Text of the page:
[Marxism] Brilliant dissection of New York Magazine

Louis Proyect lnp3 at panix.com
Tue Apr 21 14:03:26 MDT 2009


(This is not the New Yorker, a somewhat less awful publication. It is 
instead an extremely vulgar magazine that tells yuppies where to get the 
best chocolate, etc.)

My ill-starred tenure at New York magazine was, among other things, a 
crash course in the staggering unselfawareness of Manhattan class 
privilege. Sure, there was the magazine’s adoring, casual fascination 
with the “money culture”—a term deployed in editorial meetings without 
the faintest whiff of disapproval or critical distance. But more than 
that, there was the sashaying mood of preppy smugness that permeated 
nearly every interaction among the magazine’s editorial directorate—as 
when one majordomo tried to make awkward small talk with me by asking 
what it was like attending an urban public high school, or when another 
scion of the power elite would blithely take the credit for other 
people’s work and comically strategize to be seated prominently at the 
National Magazine Awards luncheon.

Since decamping from that scheming hovel of status, I’ve tried to write 
it off as a ludicrous resume misfire, gnashing my teeth at the odd “Look 
Book” entry or wildly off-key Kurt Andersen column. But as the “money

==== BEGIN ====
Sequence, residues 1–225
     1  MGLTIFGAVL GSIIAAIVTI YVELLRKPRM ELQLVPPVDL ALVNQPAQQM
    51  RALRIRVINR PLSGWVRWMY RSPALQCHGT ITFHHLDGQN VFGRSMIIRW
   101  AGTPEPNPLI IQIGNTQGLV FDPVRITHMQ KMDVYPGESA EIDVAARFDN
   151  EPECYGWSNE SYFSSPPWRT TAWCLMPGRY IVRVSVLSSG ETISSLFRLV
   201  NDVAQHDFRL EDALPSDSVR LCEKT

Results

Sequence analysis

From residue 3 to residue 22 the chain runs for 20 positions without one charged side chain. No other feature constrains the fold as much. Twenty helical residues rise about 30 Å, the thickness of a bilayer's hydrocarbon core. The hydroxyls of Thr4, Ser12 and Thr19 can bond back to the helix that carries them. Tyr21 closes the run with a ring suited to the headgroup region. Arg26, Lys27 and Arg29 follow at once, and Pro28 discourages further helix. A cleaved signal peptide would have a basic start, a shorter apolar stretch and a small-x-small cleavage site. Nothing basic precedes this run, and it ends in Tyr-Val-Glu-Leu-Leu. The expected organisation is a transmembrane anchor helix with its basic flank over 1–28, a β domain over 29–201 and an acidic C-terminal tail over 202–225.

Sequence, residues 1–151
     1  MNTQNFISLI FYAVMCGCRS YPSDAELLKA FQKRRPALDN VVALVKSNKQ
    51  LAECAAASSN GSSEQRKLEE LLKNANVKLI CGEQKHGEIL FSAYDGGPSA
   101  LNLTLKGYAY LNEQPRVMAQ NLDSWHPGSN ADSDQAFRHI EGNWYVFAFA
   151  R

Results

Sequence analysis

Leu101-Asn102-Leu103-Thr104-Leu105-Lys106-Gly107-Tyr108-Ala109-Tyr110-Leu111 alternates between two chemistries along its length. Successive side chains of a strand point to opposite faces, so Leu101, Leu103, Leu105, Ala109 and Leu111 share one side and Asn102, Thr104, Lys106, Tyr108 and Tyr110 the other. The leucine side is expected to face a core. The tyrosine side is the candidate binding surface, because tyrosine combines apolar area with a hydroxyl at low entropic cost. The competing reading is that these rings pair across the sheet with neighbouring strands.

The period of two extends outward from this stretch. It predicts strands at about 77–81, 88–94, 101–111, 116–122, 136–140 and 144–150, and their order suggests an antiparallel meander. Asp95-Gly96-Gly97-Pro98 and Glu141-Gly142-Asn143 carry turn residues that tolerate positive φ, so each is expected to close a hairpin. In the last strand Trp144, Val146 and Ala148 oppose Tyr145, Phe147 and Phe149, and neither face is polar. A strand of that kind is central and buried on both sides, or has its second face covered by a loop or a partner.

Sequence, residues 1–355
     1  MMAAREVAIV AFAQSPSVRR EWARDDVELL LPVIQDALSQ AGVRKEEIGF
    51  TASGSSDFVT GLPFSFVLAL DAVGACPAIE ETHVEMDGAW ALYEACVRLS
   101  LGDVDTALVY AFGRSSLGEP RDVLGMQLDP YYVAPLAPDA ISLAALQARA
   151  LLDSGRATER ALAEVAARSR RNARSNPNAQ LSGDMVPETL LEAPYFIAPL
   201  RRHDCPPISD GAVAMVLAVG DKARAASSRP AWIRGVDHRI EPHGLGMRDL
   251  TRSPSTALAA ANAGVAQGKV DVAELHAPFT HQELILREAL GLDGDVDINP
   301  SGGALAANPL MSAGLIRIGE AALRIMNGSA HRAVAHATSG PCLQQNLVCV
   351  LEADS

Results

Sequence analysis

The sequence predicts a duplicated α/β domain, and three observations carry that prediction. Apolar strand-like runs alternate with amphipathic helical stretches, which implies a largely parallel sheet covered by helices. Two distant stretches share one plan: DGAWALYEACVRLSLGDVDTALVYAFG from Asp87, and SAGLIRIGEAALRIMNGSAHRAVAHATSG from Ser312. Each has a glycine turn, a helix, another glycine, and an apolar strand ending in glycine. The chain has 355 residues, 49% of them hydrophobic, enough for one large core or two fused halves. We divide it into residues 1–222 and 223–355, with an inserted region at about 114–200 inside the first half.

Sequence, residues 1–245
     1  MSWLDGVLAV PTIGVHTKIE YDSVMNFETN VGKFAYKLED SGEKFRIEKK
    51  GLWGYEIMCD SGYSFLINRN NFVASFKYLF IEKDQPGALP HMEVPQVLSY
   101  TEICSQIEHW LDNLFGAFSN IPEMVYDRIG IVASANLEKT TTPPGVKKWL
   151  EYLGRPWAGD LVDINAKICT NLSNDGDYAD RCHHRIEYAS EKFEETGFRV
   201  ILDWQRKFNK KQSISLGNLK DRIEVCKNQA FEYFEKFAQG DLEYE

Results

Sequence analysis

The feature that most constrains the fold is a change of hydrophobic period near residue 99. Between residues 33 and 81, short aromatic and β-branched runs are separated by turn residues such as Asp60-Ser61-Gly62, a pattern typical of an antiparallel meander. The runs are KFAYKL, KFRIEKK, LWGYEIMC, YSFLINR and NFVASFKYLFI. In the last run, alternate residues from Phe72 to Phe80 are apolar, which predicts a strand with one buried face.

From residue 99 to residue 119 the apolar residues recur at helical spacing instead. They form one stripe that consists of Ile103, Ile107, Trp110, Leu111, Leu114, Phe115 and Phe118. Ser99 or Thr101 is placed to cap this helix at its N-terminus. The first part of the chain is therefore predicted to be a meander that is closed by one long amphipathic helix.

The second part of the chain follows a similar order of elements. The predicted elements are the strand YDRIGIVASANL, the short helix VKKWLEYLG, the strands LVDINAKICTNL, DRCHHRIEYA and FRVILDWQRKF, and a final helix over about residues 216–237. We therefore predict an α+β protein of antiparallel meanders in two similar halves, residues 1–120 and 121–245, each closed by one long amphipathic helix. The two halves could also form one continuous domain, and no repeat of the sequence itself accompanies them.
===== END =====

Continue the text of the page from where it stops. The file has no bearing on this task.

culture” collapses into a smoldering ruin, Adam Moss’s weekly catalog of 
plutocratic self-regard has become harder and harder to ignore. Week in 
and week out, New York sends out panicked instructions for scraping by 
when the cash spigots have dried up, and dispatches survival strategies 
for the equally deranging state of affairs where no one believes that 
the social hierarchies founded on the fancies of the paper economy 
command awed reverence—or indeed, should be permitted to continue at 
all. If conservative Middle America greets bailouts and the specter of 
slight marginal tax hikes kicking in two years from now with Tea 
Parties, New York has been hosting its own months-long encounter group 
for the super-rich laid low—the revolt of the “are nots,” if you will, 
protesting a world where they are neither especially elite nor powerful.

full: http://www.theawl.com/2009/04/rich-people-things




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